After I got out of the room I eddied out on river left near a waterfall and started the process of hiking upriver to find George and Shawn. This was going to take a while, and I was preparing myself for an overnight stay. However, when I was about a 100 feet above the river I saw them pass by. They got out on their own, but kept going. The river was not going to let them eddy out. By the time Kelsey and I got back in the boat they were well downstream and out of sight. We got into our boat and let Quin know we were going. We played safety for Quin, so he led. It’s full on from here on with huge waves, laterals, and some big holes to mix it up for the next 3 miles. There is a huge rock on the left of the Little Green Wall that was nearly covered, and as the surges of the river rose and fell, the feature would change. It was one of the scariest, and most awesome things I’ve ever seen. I was pretty sure this was the biggest, and most continuous piece of whitewater I had ever been on.  Every corner I’d pass I was dreading seeing George and Shawn as I knew that meant something had gone wrong, but at the same time I kept hoping we’d catch up to them.

Right before Collier Creek we found them eddied out and safe. I was relieved, and we kept going looking for John and Ryan. We eventually caught up to them about 3 miles downstream. Eventually Matt caught up.  We all regrouped, and knew we had made it. When we got to the takeout the water was nearly up to the campground.

 

There were a lot of lessons learned or reaffirmed on this trip.

  1.  Know who you’re boating with.  I think there were at least a few people who shouldn’t have been on this trip.  I know that at least one of them who was super excited about it in the beginning and a “Class V Guide” was not so stoked later and panic set in.  Others that were on this trip really didn’t have any idea what they were getting themselves into.  I think that set poor group dynamics where some people went into survival mode, and the few that didn’t then had to pretend everything was ok.  There are just a few people I would feel comfortable paddling this water with now.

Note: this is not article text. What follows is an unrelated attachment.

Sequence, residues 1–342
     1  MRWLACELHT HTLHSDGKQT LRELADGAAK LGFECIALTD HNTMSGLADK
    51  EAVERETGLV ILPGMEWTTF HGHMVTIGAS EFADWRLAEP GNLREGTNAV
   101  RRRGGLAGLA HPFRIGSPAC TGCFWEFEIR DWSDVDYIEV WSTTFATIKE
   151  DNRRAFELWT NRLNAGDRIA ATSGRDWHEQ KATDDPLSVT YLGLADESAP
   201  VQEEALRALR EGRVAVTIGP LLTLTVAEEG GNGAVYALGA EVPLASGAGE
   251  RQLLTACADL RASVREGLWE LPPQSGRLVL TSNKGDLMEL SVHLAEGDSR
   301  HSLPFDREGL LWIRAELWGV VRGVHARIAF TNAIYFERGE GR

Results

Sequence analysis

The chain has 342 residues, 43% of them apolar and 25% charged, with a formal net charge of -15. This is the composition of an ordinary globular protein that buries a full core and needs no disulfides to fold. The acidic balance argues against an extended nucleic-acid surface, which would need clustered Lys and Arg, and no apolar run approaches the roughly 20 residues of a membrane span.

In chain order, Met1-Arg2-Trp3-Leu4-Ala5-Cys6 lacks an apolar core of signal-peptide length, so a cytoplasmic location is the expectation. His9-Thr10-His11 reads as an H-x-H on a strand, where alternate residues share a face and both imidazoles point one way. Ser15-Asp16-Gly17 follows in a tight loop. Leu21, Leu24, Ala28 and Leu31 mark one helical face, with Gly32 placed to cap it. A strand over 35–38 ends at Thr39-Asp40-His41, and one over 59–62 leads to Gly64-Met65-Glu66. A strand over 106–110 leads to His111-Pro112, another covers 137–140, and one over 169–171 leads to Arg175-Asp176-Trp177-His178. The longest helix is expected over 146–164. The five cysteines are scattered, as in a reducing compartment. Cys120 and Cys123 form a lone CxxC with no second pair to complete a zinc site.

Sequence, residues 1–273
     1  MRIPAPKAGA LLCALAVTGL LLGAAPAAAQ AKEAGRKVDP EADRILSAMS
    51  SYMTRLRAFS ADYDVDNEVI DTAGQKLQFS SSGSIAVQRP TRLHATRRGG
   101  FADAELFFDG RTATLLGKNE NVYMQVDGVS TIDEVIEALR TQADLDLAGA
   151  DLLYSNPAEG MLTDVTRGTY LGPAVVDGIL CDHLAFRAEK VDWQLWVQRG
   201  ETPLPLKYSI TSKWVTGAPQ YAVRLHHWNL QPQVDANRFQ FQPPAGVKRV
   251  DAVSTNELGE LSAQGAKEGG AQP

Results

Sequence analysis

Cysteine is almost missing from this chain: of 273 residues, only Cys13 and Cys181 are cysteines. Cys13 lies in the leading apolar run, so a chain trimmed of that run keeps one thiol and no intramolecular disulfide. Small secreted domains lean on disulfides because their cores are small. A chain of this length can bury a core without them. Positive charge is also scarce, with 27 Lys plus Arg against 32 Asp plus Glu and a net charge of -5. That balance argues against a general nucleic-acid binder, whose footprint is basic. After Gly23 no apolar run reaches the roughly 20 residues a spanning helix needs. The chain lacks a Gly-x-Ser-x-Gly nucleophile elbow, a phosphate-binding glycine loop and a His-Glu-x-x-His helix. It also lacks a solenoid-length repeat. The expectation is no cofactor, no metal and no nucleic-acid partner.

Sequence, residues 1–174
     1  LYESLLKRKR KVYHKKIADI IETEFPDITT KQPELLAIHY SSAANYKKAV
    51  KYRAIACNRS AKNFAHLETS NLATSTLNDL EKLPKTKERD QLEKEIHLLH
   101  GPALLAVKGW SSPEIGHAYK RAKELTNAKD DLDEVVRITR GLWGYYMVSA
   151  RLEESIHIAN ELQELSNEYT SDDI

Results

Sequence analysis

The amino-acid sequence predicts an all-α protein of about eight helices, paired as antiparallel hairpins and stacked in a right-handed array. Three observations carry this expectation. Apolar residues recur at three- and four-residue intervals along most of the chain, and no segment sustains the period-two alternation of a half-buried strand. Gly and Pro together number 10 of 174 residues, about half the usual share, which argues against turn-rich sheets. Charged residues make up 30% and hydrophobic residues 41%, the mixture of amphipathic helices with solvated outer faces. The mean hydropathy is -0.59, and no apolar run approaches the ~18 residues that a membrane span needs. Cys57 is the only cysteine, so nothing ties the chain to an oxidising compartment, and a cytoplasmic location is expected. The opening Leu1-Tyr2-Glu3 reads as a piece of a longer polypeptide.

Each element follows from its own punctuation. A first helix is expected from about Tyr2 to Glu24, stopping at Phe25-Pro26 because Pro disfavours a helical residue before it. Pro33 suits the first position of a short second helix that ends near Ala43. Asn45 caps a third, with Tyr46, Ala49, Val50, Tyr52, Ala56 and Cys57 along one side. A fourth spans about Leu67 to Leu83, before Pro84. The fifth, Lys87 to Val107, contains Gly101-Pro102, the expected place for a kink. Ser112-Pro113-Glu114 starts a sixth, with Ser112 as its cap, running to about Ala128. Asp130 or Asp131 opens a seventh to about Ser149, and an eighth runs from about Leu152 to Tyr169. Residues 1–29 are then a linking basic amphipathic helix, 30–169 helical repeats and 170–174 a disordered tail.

2. There were too many boats on this trip.  Too many boats on water unexplored is just asking for problems.
  3. Everyone needs to know that different rules apply to this water.  “When in doubt, scout” is not realistic in this scenario.  Everyone needs to be comfortable with reading and running this water.  Nor can you rely on your other friends for safety.  There is no picking up swimmers, or throwing a rope to get you out of a hole.  You are on your own.
  4. Swimming is not an option.
  5. Bring more GoPro’s!

It took a while for me to come to terms with everything that happened on this trip.  However, I don’t regret embarking on it. My boating skills grew for sure, but most of all I learned about group dynamics, and who I can rely on when on the water. Every person on this trip pushed the limits of their boating skills and despite what you might feel about our decisions it’s a lot easier to pick out mistakes afterwards. It took me a long time to watch any footage of our trip down the Illinois that February without getting sick to my stomach. At the time of writing this, nearly 8 months later, it is still a great reminder to me of the power of water, and my boating practices have certainly evolved. I’m looking forward to the next trip, and if the right opportunity to run the Illinois at 20,000+ again, I can guarantee I will be considering it.

BTW, there is a video out there floating around the internet.  I regret this is the only footage we have of our trip, and it was not representative of the performance of anyone else.  If you’re into it check it out.  It will at least give you an idea of what happens when you get in over your head.

And here’s a clip I put together showing the Green Wall at 7500, 10000, 12000, and 20000 CFS

  • mm

    DBP Executive editor and Web Head Honcho! Paddling and taking photos in the UK.